- Managers Guides
- Data Privacy
- Guide to PKI
- Identity Mgt
- Access Control
- Security Patterns
- Secure Messaging
How we work
Open Group Security Standards/Guides
The Common Data Security Architecture (CDSA)
is a set of layered security services and cryptographic framework that provide an
infrastructure for creating cross-platform, interoperable, security-enabled applications
for client-server environments. CDSA covers all the essential components of security
capability, to equip applications for electronic commerce and other
business applications with security services that provide facilities for cryptography,
certificate management, trust policy management, and key recovery.
CDSAv2 is scalable such that it can provide security services for any device, ranging
from Personal Digital Assistants (PDAs) to Mainframes, and any operating platform from
Windows to UNIX / LINUX. Incorporating the CDSA solution into enterprise environments
effectively decouples any single security solution from the infrastructure, and integrates
a mechanism (EMM) that allows you to plug and unplug security solutions as required.
A CDSA Explained
Guide provides an introduction to the security issues addessed by CDSA and a high-level
description of the main components in the CDSA architecture, how they interrelate,
and how the CDSA provides interfaces to service provider modules and to applications
Download the CDSA Version
2 Technical Standard, May 2000 - FREE!
CDSA is available from Sourceforge as open
source. Sourceforge supports this CDSA open source with 5 email lists on the open
source home page, set up to handle support-related queries.
The Open Group currently does not have an active working group on support for CDSA. Having
now published the CDSA
Standard, and also the associated Human Recognition Service
(HRS) Standard, and worked with Intel to support their making CDSA available as open
source from Sourceforge, our activities are limited to responding to market stimulus and email queries.
The Intel CDSA site at http://www.intel.com/ial/security/
provides comprehensive information on support for CDSA. It organizes this information
under the following categories:
- Download - CDSA open source from the Sourceforge site.
- Press - key articles and other press coverage.
- Documentation - supporting white papers, presentations, tutorials, and technical
- FAQs - answers to ferquently asked questions.
- Technical Information - a very brief technical overview of the functionality and
infrastructure that CDSA provides.
- Adopters - deployment of CDSA in products, and from which vendors.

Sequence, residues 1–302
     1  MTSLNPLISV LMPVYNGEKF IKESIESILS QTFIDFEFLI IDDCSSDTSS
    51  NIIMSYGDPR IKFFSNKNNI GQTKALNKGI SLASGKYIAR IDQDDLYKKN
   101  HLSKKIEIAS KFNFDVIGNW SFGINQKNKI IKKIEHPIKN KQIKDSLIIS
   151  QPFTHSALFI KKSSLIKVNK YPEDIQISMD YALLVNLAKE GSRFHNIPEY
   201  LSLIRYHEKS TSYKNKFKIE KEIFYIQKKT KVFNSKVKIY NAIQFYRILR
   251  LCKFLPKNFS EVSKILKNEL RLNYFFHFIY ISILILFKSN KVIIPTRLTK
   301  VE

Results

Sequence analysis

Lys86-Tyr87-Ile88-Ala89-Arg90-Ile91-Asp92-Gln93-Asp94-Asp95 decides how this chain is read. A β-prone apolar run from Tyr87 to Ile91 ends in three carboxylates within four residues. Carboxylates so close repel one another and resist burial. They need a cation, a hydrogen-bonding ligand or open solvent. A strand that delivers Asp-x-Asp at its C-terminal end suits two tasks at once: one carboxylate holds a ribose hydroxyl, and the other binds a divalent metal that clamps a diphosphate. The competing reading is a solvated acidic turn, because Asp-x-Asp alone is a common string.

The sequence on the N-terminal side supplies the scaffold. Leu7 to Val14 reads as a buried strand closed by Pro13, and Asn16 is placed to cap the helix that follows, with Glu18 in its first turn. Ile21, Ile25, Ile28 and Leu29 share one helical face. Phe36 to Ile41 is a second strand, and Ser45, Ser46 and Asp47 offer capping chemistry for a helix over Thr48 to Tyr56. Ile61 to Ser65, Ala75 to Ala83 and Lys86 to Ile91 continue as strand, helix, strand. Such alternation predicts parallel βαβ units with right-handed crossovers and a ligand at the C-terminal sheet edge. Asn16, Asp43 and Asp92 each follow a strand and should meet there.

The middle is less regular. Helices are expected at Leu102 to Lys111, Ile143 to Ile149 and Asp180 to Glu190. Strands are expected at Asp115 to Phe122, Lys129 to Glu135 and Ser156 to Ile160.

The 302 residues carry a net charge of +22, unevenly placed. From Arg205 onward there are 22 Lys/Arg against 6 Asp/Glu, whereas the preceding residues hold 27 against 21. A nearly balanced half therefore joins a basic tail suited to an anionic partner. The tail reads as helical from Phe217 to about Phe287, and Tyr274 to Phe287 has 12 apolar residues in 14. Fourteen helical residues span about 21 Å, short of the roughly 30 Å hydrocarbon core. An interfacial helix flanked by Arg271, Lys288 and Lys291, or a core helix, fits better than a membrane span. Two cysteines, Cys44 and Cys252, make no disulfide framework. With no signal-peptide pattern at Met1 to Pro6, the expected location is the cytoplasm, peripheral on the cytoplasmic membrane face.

- Specifications - Intel's references to The Open Group's CDSA Standard and HRS Standard,
plus the Intel Simple PKI (SPKI) certificate documentation, which consists of two RFCs:
- RFC2692: Requirements giving the requirements gathered by the working group at the start
of the process.
- RFC2693: Theory giving the theory of authorization certificates, as opposed to name or
ID certificates that most people (e.g., X.509) discuss. This document points out some of
the flawed assumptions in ID certificate theory and shows how SPKI's certificates (both
authorization and ID) attempt to correct those flaws.
Brief Overview of CDSA Standard
CDSA defines a horizontal, four-layer architecture:
2. Layered services and middleware
3. Common Security Services Manager (CSSM) infrastructure
4. Security Service Provider Modules
The CDSAv2.3 Technical Standard is organized into 15 parts, each addressing specific
aspects of the architecture, and catering for the needs Application Developers, CSSM
Infrastructure Providers, and Security Service Module Providers
The Parts are:
1. The CDSA architecture
2. Common Security Services Manager (CSSM) APIs for core services
3. Cryptographic Service Providers (CSP)
4. Trust Policy Services (TP)
5. Authorization Computation Services (AC)
6. Certificate Library Services (CL)
7. Data Storage Library Services (DL)
8. Module Directory Service (MDS)
9. Key Recovery Services (KR)
10. Embedded Integrity Services Library (EISL)
11. Signed Manifest
12. Object Identifiers for Certficate Library Modules
13. Elective Module Manager (EMM)
14. Add-in Module Structure and Administration
15. Appendices, Glossary, and Index